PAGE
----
h-holy bamboozles and shenanagins I got a DD while I was watching Dr.Who Season 3 finale
WHAT A WAY TO GO. GUESS WHAT MIGHT BE NEXT UP. Aaaaah, sadly it isn't Dr. Who related at all.
For all of you well-wishers and people whose comments consist of single words, I do appreciate them, but I find myself inundated with other things to do at the moment, so if I don't get around to saying it personally, thank you so much!
Yes, this was a present for a friend this past Christmas. Literally 4 days straight of work, at the least.
Usually my photos are better but considering it was finished really late at night the day before it had to be given away... you get the backroom carpet.
Momo was both a challenge and a blast to needlefelt, though.
Thank you `UnicornReality
for the feature!
Those of you who have been around me in chats for the past... oh, four or so days have likely heard of this creature.
I can't say the background is pretty, but I had literally stayed up half the night making this cutie and the next day he had to be delivered out, as he is indeed a Christmas present. I am happy to say he's found a loving home already, and perhaps in the future I can snab up a few more pictures.
Anywho, ladies and gents, meet Momo, the flying lemur from the beloved series Avatar, the Last Airbender.
That is a ruler he's holding in the bottom right, 12 inches-- for you metric folks, ~30.5 cm.
Needlefelting large things is always surprising. I forget how much work it takes so easily...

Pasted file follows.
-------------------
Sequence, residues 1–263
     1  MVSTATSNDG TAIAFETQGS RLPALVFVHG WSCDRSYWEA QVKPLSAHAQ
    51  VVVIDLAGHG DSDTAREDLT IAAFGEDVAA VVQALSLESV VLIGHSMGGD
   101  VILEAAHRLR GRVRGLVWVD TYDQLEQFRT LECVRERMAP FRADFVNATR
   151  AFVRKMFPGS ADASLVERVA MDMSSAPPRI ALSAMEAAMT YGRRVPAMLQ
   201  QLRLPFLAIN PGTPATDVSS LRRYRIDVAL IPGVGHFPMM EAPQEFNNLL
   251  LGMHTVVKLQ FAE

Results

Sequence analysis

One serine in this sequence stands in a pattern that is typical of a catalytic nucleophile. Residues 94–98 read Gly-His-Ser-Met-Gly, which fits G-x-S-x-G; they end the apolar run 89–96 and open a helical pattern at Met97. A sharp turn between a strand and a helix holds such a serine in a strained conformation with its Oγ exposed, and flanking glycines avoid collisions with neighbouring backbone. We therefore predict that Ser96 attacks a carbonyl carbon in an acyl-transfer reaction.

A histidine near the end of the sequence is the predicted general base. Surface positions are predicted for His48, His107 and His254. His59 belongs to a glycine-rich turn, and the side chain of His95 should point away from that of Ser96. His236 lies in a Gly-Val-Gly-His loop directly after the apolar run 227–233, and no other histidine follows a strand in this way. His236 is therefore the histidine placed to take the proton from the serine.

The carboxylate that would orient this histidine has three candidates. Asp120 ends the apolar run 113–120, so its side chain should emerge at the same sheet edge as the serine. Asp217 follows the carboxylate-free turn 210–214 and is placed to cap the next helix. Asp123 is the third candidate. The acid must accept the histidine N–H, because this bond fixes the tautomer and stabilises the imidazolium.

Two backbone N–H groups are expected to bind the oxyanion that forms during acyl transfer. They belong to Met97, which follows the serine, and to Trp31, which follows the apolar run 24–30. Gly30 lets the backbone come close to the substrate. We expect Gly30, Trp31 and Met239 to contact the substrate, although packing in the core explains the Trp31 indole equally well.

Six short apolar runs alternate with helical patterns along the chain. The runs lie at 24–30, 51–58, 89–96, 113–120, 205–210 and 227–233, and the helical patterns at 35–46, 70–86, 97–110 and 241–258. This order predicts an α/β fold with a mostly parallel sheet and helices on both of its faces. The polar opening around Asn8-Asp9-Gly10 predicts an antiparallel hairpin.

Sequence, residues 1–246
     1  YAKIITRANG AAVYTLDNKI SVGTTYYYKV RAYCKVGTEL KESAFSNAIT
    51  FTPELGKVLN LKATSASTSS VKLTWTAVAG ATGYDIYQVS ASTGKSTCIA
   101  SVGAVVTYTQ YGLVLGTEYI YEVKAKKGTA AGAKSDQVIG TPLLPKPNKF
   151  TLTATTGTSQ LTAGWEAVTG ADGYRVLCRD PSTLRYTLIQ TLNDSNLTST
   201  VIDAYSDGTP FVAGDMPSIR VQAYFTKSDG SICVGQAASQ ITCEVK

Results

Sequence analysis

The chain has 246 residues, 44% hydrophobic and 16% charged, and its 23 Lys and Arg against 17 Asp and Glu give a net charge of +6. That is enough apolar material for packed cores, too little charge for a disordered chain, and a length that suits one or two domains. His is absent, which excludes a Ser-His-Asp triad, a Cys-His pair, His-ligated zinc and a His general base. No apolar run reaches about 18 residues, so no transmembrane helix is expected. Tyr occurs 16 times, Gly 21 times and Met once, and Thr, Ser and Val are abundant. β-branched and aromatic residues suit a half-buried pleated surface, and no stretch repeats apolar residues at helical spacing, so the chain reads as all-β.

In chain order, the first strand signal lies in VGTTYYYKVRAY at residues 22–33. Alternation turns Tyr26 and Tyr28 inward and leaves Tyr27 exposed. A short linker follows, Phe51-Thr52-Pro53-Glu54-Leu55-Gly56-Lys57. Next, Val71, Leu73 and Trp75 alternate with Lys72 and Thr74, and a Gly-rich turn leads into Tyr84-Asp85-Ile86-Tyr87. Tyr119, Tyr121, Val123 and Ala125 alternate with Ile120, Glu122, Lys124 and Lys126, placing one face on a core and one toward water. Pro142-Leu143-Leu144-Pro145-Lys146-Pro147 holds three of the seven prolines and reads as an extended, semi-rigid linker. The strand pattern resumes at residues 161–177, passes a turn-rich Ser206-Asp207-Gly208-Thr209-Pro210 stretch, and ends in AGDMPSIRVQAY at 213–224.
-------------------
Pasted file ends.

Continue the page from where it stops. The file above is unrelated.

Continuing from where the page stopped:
Momo was made with a type of crafting called needle felting. Basically what happens is I take a bunch of loose (i.e. roving) wool and jab it with a needle (many, many times). The wool bonds to itself, slowly getting firmer and firmer. Eventually, it's firm enough to stand by itself in a sculpture-like way. By adding more roving wool, I can sculpt a creature or a person or whatever out of the wool.
Needlefelting is a relatively new craft, having only been invented 30 years or so ago. It's similar to the process of wet felting, but instead of using water, needles are used.
My needlefelt creations almost always include a wire base, so they are extremely posable, and I find the freedom of sculpting and the resulting plushness to be everything I could have asked for in a medium.
I happily take commissions, and my prices range from 20 and up, depending on the complexity but mainly on the size. Please see my commission sheet